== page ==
In 2020, the COVID-19 pandemic forced the scientific community across the globe to mobilize at “warp speed” to evaluate potential treatments and vaccines to stem morbidity and mortality from the virus.  The rapid progress required tremendous resources, collaboration, and innovation across the pharmaceutical industry and government.

Essential to evaluating potential vaccines, thousands of healthy individuals raised their hands to volunteer for participation in vaccine trials.  Three Greenphire employees described in this article were among the hundreds of thousands of clinical trial volunteers participating in Covid Phase III vaccine clinical trials.

What inspired them to participate?  The desire to make a difference for the health of society globally.  Through their participation, meaningful insights were obtained regarding the actual experience of clinical trial participants, who we support at Greenphire with our technology solutions.  Below are some of these insights:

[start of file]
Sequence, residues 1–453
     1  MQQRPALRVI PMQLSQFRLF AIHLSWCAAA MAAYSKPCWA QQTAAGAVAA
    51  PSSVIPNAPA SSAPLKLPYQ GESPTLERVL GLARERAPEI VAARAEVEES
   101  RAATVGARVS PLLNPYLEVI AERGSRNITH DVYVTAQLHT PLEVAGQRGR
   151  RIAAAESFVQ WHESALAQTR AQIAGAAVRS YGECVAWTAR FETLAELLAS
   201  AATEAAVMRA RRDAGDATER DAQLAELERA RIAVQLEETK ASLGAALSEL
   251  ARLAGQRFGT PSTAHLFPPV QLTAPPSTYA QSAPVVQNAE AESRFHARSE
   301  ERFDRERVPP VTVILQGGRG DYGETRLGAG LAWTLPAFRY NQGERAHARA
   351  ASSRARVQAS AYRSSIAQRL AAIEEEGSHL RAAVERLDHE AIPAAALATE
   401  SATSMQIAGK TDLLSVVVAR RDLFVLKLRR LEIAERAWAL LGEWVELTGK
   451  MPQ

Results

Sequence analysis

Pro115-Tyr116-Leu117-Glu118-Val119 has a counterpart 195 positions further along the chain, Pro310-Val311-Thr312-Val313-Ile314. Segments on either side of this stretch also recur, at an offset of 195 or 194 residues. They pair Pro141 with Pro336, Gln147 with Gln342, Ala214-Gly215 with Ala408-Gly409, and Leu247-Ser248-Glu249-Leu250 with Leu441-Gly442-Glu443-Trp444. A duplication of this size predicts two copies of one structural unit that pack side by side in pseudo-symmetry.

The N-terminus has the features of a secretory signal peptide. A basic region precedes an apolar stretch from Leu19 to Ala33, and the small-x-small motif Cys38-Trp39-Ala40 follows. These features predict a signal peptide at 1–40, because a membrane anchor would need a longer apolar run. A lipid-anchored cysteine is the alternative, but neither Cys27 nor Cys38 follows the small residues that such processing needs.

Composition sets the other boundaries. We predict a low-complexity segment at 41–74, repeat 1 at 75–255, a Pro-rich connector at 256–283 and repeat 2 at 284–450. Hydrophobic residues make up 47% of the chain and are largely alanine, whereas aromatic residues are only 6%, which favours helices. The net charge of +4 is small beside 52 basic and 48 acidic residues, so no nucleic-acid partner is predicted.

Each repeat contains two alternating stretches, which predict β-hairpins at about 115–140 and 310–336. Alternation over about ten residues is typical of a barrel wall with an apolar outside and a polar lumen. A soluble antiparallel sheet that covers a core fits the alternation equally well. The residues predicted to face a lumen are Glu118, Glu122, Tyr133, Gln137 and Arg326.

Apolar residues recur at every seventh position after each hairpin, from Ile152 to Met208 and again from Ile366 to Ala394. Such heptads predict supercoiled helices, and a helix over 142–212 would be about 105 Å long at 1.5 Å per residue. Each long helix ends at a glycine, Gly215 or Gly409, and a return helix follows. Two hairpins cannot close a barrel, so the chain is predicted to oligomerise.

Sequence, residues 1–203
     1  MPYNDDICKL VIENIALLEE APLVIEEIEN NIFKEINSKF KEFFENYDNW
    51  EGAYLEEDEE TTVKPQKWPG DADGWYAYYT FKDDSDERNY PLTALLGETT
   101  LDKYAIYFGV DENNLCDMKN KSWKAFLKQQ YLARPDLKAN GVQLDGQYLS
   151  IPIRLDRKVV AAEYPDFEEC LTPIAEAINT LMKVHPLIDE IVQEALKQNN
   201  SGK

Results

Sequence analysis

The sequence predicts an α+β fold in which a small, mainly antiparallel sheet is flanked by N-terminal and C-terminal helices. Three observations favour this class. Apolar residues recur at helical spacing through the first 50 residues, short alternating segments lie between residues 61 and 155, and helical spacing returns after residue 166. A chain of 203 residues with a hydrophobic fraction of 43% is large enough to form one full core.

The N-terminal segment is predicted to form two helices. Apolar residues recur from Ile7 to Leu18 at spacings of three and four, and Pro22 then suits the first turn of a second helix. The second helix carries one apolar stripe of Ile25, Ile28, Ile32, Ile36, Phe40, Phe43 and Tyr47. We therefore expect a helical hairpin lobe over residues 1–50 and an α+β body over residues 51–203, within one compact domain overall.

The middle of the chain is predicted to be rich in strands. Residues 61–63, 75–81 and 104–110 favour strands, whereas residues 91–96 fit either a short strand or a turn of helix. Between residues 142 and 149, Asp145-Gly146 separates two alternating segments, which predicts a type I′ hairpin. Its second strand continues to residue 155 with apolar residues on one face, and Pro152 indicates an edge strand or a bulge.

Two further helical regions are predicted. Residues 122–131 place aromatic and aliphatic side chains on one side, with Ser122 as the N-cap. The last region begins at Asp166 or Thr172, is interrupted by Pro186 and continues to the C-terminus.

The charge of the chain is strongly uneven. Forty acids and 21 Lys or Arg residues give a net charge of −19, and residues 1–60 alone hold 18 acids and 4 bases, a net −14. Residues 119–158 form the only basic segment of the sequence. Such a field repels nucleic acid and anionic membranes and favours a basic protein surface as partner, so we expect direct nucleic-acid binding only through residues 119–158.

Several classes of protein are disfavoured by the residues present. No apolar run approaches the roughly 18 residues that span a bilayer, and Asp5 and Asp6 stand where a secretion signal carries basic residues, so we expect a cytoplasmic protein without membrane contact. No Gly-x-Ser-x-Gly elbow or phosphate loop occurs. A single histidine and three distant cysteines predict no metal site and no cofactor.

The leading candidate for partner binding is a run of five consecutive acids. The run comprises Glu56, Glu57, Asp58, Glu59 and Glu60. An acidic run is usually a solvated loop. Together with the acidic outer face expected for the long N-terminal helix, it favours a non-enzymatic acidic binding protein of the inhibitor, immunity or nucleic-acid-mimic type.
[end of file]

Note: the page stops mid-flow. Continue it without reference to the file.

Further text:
1. Why did you volunteer to participate in this study?

Joe: I knew participants were needed by all sponsors and wanted to do my part.  The study design was initially placebo (I believe 1/3 placebo participants) vs 1 vaccine shot.  I therefore knew I had a 2/3 probability of maybe getting the vaccine sooner (I’m over 50 years old).  I learned from the study team I received the “real vaccine” in Feb 2021 when they unblinded me in April.

Dave:  I’ve worked with many clients at Greenphire to help implement ClinCard for the benefit of the site and study participants, but I hadn’t enrolled in a clinical trial myself. I volunteered to understand the experience of participants in a trial.